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Parasites

Costia

Costia (Ichthyobodo necatrix), also known as “Killer Don” is a ciliated protozoan that has the capability to kill fish in great numbers. It can only be identified through a skin scrape and a microscope and is active and proliferates in water temperatures from as low as 2 degrees Celsius to 25 degrees Celsius. The parasite cannot survive temperatures of 28 degrees Celsius and above. Below 10 degrees Celcius, Costia may form into a cyst for protection. Costia can survive as a free swimming organism or attached to a host. Costia has been described as misshapen circles, bean or comma shaped with two hair-like flaggela of unequal length that enable it to swim. It cannot survive long without a host. Costia usually inhabits the skin as well as the gills. Once attached to the host, it actually destroys tissue at that site. Koi suffering from a heavy infestation of Costia may not make it through the treatment as is the case with many parasitic infections.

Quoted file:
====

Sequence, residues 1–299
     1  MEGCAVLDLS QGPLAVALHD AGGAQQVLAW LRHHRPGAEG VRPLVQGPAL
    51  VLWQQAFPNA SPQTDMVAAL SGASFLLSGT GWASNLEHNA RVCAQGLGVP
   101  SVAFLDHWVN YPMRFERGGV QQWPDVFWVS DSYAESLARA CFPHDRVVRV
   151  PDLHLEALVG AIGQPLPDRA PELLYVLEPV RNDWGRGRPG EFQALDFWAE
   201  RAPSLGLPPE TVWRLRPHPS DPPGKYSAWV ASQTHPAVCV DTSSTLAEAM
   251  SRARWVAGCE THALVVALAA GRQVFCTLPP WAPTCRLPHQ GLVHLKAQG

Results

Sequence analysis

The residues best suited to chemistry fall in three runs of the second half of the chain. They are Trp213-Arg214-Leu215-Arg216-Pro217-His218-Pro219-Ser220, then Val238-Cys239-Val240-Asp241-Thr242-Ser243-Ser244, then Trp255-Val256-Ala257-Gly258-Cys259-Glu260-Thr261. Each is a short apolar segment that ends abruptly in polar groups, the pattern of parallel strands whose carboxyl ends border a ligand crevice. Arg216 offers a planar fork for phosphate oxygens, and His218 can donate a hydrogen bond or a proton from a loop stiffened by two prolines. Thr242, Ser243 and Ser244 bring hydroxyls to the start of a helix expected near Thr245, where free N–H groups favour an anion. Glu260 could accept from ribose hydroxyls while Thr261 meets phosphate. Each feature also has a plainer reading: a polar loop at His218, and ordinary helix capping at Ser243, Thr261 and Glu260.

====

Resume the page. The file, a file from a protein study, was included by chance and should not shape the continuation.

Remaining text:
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Symptoms associated with Costia
  1. Bluish or white film on the body because of increased mucus production.
  2. Penetrates the epithelium causing tissue irritation.
  3. Open wounds or ulcers.
  4. Reddening of the skin and fins.
  5. Koi may become lifeless and hang in the water with clamped fins.
  6. Frequent flashing/flicking.

Prevention of Costia
  1. Costia mostly become a problem when fish are stressed. It may be environmental factors or frequent netting or presence of predators.
  2. Maintain good water quality.
  3. Avoid frequent changes in temperature by heating the pond during Spring and Autumn
  4. Do frequent system maintenance such as water changes and filter discharges.
  5. Avoid introducing new koi without quarantine.

Treatment for Costia
  1. Costia has a relative short life span and a once off treatment is usually enough.
  2. Malachite Green and Formalin.
  3. Potassium Permanganate.
  4. Salt. (Some salt resistant strains do occur!)
  • My personal choice would be Malachite Green and Formalin

Updated 23 January 2009

Last Updated on Friday, 23 January 2009 19:37